My Car Quest

April 15, 2024

The Death of a Champion – Sir Stirling Moss, Age 90

by Wallace Wyss –

It’s possible to be the world’s greatest driver for a time yet never have won the Formula One world title. That’s the story of Sir Stirling Moss who died Sunday April 12, 2020 at his London home after a long illness. “It was one lap too many,” said Lady Moss. “He just closed his eyes.”

As a teenager I reveled in reading his racing exploits. His father encouraged his racing. He raced sports cars as well as F1. He formally retired from the top-level racing after a horrific crash in 1962 but made many appearances in historic racing including several at the Monterey Historics . He was often reunited with cars he drove to victory such as the Mercedes 300SLR that he and “Jenks” drove to first in the Mille Miglia in ’55

In 1961 he was named the BBC’s sports personality of the year. I think his practice of appearing shirtless did a lot to promote the “macho” side of racing. But he was the utmost gentleman when called upon.

Sir Stirling Moss

Photo by Mike Gulett – August 2015

He was one of the first racers of that era to maximize income from commercials and the last few years of his life made many paid appearances.

He didn’t mind signing autographs (though sometimes with just an “m”) and talking about his racing. One story he told me was losing his brakes at 140 mph in the 300SLR in Italy and downshifting down to 15 mph so he could make the next sharp corner.

Moss drove his first professional race in 1948 when he was 18 in a Cooper 500 and during a career that spanned 14 years would go on to win 16 of the 66 F1 races and competed impressively across all categories; of his 529 starts he had 375 finishes and 212 wins.

In 1955 he was signed by Mercedes Benz to race on their F1 team with a team-mate being Juan Manuel Fangio, who won the title. But in the Mille Miglia, Moss won, set a new record and beat Fangio by 32 minutes. Motor Trend wrote it was “The Most Epic Drive. Ever.”

He was a bit of playboy in his youth, and married twice before settling down with Susie. He owned property around the world and tended to business.

He published his autobiography in 2015. In a documentary called The Green Hell, he told some of his favorite racing stories, recalling his win at the Nürburgring in 1961.

He became “Sir” in 2000, received the Segrave Trophy in 2005 and was awarded the FIA gold medal for outstanding contribution.

He is survived by his third wife, Susie, their son Elliot, and daughter Allison from an earlier marriage.


Stirling Moss and Denis Jenkinson in a Mercedes-Benz 300SL – Mille Miglia 1955

The Death of a Champion - Sir Stirling Moss, Age 90
Article Name
The Death of a Champion - Sir Stirling Moss, Age 90
The racing legend Sir Stirling Moss has died at age 90.


  1. Earl Waggoner says

    Caio Stirling. I was privileged to be a close friend of him and his family for over 50 years.

    The last two years on life support was a sad ending for
    a legend.

  2. wallace wyss says

    Earl is a friend of mine, I think when Stirling was in Los Angeles he’d stay at Earl’s place and if I remember it right they went someplace, Sitrling drivng,maybe too skillfluly for some cop who pulled him over , and said “Who do you think you are, Stirling Moss? To which Stirling repliied…etc. etc.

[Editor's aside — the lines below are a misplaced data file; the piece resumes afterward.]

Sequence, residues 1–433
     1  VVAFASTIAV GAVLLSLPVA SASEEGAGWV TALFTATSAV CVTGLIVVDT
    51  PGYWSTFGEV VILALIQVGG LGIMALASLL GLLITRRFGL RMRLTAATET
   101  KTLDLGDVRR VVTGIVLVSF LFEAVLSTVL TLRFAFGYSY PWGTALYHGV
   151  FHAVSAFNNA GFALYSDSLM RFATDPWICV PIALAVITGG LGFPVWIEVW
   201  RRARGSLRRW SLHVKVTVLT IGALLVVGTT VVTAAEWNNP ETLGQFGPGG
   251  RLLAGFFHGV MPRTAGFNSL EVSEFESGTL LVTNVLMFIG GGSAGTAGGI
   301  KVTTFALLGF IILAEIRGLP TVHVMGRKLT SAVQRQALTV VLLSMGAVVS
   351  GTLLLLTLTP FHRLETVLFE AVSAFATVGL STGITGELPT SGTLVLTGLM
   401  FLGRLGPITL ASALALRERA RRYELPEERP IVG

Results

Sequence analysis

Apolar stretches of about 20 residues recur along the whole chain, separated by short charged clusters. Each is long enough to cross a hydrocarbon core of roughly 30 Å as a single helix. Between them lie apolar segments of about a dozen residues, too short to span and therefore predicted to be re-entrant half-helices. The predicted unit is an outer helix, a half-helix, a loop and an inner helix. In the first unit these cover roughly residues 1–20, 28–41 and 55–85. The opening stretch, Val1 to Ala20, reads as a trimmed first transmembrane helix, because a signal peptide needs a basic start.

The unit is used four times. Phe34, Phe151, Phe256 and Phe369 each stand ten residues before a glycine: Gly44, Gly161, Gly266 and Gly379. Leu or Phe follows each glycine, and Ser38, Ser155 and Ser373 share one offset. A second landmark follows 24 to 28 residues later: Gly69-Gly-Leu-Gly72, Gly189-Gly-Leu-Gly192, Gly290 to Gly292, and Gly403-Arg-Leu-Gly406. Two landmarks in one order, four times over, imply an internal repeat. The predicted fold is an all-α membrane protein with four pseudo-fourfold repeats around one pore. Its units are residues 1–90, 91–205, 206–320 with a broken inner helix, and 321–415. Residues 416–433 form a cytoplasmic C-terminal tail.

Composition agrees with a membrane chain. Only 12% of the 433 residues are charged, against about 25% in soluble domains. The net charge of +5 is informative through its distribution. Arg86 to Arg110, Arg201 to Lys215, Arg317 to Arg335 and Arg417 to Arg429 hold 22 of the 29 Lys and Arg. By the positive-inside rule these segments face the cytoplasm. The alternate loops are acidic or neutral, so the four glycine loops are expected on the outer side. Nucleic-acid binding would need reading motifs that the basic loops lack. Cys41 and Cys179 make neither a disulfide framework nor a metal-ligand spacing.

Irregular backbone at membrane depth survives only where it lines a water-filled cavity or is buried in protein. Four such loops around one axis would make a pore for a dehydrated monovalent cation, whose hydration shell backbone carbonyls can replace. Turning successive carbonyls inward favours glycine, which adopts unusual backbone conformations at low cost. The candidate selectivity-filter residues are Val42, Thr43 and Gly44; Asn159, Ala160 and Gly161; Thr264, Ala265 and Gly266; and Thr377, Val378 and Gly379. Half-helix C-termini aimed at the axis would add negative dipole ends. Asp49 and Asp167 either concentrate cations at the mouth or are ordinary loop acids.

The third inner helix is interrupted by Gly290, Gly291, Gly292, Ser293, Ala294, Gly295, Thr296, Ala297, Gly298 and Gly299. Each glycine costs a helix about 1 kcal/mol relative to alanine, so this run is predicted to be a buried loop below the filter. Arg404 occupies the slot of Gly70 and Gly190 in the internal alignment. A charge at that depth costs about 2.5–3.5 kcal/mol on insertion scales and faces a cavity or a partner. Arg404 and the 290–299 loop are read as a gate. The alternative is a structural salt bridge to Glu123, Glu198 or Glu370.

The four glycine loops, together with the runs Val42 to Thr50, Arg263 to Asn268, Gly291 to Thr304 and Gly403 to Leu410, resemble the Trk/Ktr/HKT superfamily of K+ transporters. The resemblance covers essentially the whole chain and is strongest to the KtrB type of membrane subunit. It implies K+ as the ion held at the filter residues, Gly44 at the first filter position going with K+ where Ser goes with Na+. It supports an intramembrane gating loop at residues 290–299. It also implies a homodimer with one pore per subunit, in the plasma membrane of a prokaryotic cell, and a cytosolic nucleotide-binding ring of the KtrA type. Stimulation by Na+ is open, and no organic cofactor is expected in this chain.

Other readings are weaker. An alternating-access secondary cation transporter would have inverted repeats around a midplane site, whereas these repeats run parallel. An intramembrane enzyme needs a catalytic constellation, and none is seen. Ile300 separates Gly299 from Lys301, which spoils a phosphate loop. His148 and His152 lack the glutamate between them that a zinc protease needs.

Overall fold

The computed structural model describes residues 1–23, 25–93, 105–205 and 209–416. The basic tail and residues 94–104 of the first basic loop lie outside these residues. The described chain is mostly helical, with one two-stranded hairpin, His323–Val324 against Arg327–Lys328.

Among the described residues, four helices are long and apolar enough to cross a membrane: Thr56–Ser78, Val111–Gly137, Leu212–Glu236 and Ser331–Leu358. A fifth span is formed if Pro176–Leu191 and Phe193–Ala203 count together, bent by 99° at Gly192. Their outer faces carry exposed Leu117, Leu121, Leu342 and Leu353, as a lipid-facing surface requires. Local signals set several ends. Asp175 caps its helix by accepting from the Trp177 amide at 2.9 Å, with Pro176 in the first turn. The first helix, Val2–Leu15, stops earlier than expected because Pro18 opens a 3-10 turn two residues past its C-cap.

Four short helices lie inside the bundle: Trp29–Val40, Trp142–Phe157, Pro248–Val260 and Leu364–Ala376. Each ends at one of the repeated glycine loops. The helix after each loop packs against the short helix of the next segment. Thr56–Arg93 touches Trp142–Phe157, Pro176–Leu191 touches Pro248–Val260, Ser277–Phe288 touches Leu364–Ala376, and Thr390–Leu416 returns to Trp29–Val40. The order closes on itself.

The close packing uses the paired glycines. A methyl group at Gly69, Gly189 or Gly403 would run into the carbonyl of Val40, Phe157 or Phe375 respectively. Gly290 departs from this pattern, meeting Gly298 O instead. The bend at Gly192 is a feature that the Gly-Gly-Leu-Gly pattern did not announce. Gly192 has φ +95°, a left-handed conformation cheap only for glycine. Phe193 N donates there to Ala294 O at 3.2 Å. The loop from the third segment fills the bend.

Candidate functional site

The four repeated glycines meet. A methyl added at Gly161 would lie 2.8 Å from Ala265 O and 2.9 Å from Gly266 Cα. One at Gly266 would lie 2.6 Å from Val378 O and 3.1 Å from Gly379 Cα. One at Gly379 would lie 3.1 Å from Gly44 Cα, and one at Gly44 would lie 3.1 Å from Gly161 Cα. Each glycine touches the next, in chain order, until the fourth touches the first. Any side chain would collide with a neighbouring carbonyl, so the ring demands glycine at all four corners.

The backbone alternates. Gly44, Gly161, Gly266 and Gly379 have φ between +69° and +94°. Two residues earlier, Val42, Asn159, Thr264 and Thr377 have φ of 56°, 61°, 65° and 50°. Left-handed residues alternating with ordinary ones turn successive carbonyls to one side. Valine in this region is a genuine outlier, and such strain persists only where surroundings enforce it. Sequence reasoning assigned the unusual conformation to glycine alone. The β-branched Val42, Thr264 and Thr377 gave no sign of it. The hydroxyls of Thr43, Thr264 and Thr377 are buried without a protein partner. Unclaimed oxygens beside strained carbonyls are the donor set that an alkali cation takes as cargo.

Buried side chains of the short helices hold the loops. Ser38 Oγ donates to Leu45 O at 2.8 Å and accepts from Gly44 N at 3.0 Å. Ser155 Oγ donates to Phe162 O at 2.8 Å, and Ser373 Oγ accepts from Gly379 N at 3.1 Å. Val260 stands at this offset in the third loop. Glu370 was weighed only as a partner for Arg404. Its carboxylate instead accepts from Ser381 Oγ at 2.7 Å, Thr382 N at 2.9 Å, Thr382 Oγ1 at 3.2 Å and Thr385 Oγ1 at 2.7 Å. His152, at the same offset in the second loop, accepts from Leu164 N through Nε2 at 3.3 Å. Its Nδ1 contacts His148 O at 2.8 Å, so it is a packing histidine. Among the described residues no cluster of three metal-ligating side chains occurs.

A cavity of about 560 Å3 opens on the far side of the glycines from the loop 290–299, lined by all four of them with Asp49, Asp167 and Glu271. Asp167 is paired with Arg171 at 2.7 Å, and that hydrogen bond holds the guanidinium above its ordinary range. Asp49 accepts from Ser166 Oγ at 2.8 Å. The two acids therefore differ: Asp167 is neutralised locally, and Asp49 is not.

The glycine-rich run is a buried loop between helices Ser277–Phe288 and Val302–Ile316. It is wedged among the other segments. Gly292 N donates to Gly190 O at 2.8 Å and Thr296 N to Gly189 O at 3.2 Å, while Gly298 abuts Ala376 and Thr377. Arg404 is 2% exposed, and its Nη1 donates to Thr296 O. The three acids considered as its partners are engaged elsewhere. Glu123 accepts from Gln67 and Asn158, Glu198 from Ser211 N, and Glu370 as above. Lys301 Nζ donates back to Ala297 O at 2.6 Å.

• Bob Wachtel says

      I love that little story. It’s perfect.I met Stirling and his wife at Lime Rock Park where he signed my book of his autobiography. I really couldn’t speak to him because there was a very long line in back of me of fans of his waiting to see him.

  3. I met Sir Stirling and his wife several times when attending the Austrian Ennstal-Classic Rallye. A real gentleman and great racer. My best wishes to his families.
    Attached are some pictures from 2016. Sir Stirling Moss together with Brian Johnson, lead singer AC/DC, driving an Jaguar D-Type at the Ennstal-Classic.

  4. Some more pics:

  5. Stirling, Brian and Helmut Zwickl (Organizer Ennstal-Classic Rallye, Race Driver, Author)

  6. wallace wyss says

    I am happy to see Sir Stirling having such a good laugh two years before he became bedridden. I have a friend 94, and whenever I can get a laugh out of him I’m happy. Stirling was a model race driver in more than just driving. I wish all of them could revisit the racing of their now restored cars and re-live the memories with the newer generations of fans.

  7. Kurt Bauer says

    I met Sir Stirling at Green Valley Raceway in Texas in the fall of 1984. He was there driving a Ferrari 250 GT SWB for Don Walker in an historic event in support of the featured Trans-Am race. My friend and I had pit passes and were wandering through, trying to avoid the crowds that had gathered around the various Corvettes, Camaros, and Mercury Capris that seemed to dominate the series then. I spotted a diminutive but fit-looking older gentleman in a driving suit peeled down to the waist, chewing a sandwich in the blazing sun while he relaxed on a section of Armco. I couldn’t believe it. Here was my father’s hero, Stirling Moss, in the flesh, no one around and utterly ignored by the fans. I approached, apologized for disturbing his lunch, and he just smiled, extended a hand, and happily (or at least so it seemed) chatted about the beautiful Ferrari, the Texas heat, and which British drivers might actually have it in them to win a world championship soon (it had been 8 years since James Hunt’s title; it would be 8 more before Nigel Mansell put together a winning run). An incredibly nice man, very tolerant of a couple of 20-something Texans just looking to bask in his presence. I’ll never for get it. RIP, Sir Stirling.

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